Digital skills and citizens’ digital rights
2007 Tutu Fellow Gbenga Sesan’s Tutu Fellowship community project has evolved over the years into his life’s work. He started it as Ajegunle.org, and now, more than a decade later it is the Paradigm Initiative. The programme saw its beginnings in Nigeria, but has gone on to becoming pan-African in scope, offering digital policy to nation states, with funders that include Google, the Ford Foundation and the Rockefeller Foundation.
Paradigm Initiative is a non-profit social enterprise that builds Information and Communications Technology-enabled support systems and advocates for digital rights in order to improve the livelihoods of underserved young Africans. Its digital inclusion programs train young people from underserved communities in digital skills, so they can be connected to opportunities in the digital economy. Some examples are trainees like Famous Onokurefe who is now a Senior Associate at KPMG Nigeria and Esther Olatunde, a Product Engineer at Intercom.
Paradigm Initiative's digital rights advocacy programme is focused on the promotion of a positive rights environment and support of public policy towards internet freedom in various regions of Africa. With offices in Cameroon, Ghana, Kenya, Nigeria, Zambia and Zimbabwe, their policy advocacy efforts include media campaigns, coalition building, capacity building, research, report-writing, hosting the annual bi-lingual pan-African Digital Rights and Inclusion Forum, and promotion of Digital Rights and Freedom legislation.
Gbenga's organization has worked to advance Internet freedom in Africa and implemented large multi-country programmes and managed funding from organizations such as the Ford Foundation, the Rockefeller Foundation and Google.org. Paradigm Initiative has a robust partnership network made up of non-profits, youth groups, businesses, international organizations and government agencies who provide opportunities to the communities that it works with.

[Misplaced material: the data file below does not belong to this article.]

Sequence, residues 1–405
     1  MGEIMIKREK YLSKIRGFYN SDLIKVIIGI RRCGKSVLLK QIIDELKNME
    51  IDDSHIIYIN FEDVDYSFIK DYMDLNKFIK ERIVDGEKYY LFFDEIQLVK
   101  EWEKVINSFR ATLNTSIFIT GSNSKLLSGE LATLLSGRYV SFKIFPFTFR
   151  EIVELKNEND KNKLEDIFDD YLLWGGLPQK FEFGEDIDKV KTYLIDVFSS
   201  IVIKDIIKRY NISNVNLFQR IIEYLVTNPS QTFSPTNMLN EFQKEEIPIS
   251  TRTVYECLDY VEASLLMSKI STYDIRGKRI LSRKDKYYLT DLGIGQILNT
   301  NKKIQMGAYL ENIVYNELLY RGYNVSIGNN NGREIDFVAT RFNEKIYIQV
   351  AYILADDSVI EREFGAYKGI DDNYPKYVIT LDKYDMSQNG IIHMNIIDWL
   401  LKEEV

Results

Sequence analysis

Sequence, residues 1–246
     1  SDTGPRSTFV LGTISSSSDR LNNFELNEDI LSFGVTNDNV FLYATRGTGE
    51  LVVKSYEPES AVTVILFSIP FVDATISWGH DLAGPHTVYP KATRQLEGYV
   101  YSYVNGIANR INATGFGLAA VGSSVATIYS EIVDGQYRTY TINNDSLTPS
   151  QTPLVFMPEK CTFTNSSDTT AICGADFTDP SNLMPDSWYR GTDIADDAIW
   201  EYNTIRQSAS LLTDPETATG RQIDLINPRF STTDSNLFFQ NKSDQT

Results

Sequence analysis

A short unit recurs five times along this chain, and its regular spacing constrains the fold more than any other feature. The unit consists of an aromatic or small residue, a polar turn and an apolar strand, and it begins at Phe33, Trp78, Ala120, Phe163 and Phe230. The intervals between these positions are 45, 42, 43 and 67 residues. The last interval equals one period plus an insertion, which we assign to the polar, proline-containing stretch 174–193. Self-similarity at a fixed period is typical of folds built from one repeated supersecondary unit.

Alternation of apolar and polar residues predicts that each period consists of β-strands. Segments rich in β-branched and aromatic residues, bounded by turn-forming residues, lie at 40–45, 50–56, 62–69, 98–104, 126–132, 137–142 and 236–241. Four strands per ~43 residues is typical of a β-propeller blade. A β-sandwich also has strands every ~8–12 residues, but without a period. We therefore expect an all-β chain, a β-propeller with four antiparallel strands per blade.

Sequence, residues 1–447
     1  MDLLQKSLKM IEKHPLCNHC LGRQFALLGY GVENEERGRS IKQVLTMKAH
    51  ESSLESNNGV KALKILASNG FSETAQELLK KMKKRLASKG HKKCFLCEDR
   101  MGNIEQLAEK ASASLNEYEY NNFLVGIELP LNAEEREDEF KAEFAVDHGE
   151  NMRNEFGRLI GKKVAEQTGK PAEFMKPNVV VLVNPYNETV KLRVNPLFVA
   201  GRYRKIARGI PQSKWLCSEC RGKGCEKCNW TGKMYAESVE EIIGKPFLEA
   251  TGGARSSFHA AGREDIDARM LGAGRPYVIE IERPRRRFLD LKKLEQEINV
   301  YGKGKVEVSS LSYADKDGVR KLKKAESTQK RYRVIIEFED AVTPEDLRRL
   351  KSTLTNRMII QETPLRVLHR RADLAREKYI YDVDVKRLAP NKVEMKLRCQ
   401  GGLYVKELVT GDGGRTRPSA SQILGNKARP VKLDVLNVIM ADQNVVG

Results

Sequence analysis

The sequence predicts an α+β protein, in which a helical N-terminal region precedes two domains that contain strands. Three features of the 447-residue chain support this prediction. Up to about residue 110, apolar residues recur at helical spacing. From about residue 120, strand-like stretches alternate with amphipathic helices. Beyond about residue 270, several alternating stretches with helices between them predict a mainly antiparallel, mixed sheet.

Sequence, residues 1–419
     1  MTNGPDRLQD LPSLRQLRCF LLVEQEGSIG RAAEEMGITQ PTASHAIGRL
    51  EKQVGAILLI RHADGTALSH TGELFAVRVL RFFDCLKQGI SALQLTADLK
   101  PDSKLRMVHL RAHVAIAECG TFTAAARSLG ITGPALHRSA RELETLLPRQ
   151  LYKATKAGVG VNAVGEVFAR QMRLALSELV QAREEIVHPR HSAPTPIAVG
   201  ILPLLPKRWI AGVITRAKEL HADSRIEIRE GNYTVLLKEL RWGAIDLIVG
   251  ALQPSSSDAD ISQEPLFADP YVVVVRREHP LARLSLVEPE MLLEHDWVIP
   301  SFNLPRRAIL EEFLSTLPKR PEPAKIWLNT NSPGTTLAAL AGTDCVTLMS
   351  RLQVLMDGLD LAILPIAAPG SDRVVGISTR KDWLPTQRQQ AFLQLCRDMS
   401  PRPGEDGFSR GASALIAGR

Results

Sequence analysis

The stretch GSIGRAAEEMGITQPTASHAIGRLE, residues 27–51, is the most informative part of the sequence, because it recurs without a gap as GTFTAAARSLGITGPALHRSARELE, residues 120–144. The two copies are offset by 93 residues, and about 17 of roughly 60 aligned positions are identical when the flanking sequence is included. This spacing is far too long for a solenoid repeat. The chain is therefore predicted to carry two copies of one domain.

Paradigm Initiative organized the Digital Rights and Inclusion Forum (DRIF) in Nigeria and championed the drafting of, advocacy for and eventual passage of the Digital Rights and Freedom Bill by the House of Representatives and the Senate in Nigeria. The organization has strong competencies in advocacy, media and communications, capacity building, research and coalition building. It has organized Internet Policy Training/Digital Rights Workshops across Africa - in Cameroon, Gambia, Kenya, Nigeria, Senegal, Uganda and Zambia. It has also led efforts to promote freedom of expression and privacy by challenging surveillance regimes in the Gambia and Nigeria and intervening in Digital ID programs in Kenya and Nigeria. It has trained security agencies on privacy and other citizen rights in Nigeria; parliamentarians on digital rights in Malawi, South Sudan, Tanzania, Uganda, Zambia, and Zimbabwe; and engaged at the highest level to ensure internal government accountability on digital rights. It has brought stakeholders together to strategize on navigating oppressive environments where freedom of expression has been under threat, such as in The Gambia and Tanzania and challenged governments on Internet shutdowns around elections. It did so in Cameroon and Ghana. Its policy work has included developing frameworks for rights-respecting legislation in Cameroon, Gambia, Malawi, Nigeria, and Togo.